Not Your Typical Beach Reading

“I’m looking for a good beach read. Any suggestions?” is a question I hear all the time, and not one easily answered. My take on summer reading is slightly skewed. I use this sudden increase in leisure time to challenge myself intellectually. Yes, I want my reading choices to be page-turning experiences that make me laugh-out-loud or sob with heartache. But I also want to be enlightened, enchanted, informed. Each summer, I challenge myself to pick books that normally wouldn’t appeal to my tastes. Finding titles to fit that description can prove to be more of the challenge, not because of lack of choices. On the contrary – working in a bookstore with so many beach-bag-worthy books, how does one decide?

Judging a book by its cover can prove to be a brilliant method of selection when it’s a cover the likes of Sacre Bleu: A Comedy d’Art. (Hardcover, April 2012)
 
Attracted by the intriguing blue hues and mysteriously dark illustrations of the Eiffel Tower, a gentleman in a bowler hat depicted in shadow, a strategically placed half-jacket covering a menacing muse seductively perched on a painter’s palette, I felt dared to read this book. The latest work of fiction by New York Times Bestselling author, Christopher Moore, self-proclaimed writer of ‘comic fantasy,’ not a genre I would ever read.
 
As if the cover wasn’t enough to peak my interest, the first line on the dust jacket certainly sealed its fate as the first book to kick off my personal summer reading challenge to read outside the box.
 
“In July 1890, Vincent van Gogh went into a cornfield and shot himself. Or did he?”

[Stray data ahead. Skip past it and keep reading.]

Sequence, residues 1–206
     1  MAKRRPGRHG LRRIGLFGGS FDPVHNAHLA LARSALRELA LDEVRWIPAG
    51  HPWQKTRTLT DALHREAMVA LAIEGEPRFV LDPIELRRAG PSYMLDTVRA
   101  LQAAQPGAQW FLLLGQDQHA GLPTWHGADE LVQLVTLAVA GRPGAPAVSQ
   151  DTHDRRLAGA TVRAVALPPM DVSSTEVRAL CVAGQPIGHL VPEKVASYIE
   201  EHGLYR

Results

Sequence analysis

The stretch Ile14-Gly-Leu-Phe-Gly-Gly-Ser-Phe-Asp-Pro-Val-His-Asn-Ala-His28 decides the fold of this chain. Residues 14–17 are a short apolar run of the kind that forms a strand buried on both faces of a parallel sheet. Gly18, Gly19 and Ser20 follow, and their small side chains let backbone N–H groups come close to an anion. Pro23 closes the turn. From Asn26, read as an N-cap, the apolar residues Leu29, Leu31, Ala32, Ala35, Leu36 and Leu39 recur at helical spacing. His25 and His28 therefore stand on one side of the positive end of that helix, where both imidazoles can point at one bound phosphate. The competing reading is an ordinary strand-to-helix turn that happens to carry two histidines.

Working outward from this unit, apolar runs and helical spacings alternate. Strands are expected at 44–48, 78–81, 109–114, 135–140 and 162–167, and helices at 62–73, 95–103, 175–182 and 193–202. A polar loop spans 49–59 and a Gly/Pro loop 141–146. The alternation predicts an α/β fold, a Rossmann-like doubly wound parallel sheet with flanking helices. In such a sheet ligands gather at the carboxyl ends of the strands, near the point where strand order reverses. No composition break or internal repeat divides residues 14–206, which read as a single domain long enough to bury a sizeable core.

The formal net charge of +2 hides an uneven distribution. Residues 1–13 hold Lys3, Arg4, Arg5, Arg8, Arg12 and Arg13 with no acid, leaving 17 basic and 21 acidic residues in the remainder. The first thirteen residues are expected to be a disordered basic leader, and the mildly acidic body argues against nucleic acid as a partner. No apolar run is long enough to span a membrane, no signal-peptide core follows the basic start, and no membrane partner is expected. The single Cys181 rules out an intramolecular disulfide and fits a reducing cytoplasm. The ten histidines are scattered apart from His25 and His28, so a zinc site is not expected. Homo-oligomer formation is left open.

Sacre Bleu is at once a mystery, a comedy and a dazzling adventure through the art world of Impressionist-era Paris. Moore masterfully combines historical accuracy, fantasy and mildly offensive humor and the result is nothing short of fabulously fun caper.
 
“A delectable confection of intrigue, passion, and art history—with cancan girls, baguettes, and fine French cognac thrown in for good measure--- Sacre Bleu is another masterpiece of wit and wonder.”
 
I would be remiss if I didn’t touch upon the production of this book. It’s a beautifully hardbound tome with typefaces (printed in blue ink) evocative of its 19th century Parisian setting.  Illustrating the story lines are twenty full-color reproductions of artworks of Toulouse-Lautrec, Van Gogh, Manet, Seurat, Gaugin and many other artists of the era. The flyleaves are even wrapped in antique maps of Paris. In a time when we are seeing less and less spent on the art of bindery, this book is extraordinarily artful in its production.
 
“So, Now You’ve Ruined Art” begins the Afterward from the author. Not at all, Mr. Moore, this book has reignited a love of art history in this jaded student of the arts and has also reinforced my summer reading philosophy of trying something different. I picked up a book from an author/genre I have never read before; and was thoroughly enchanted.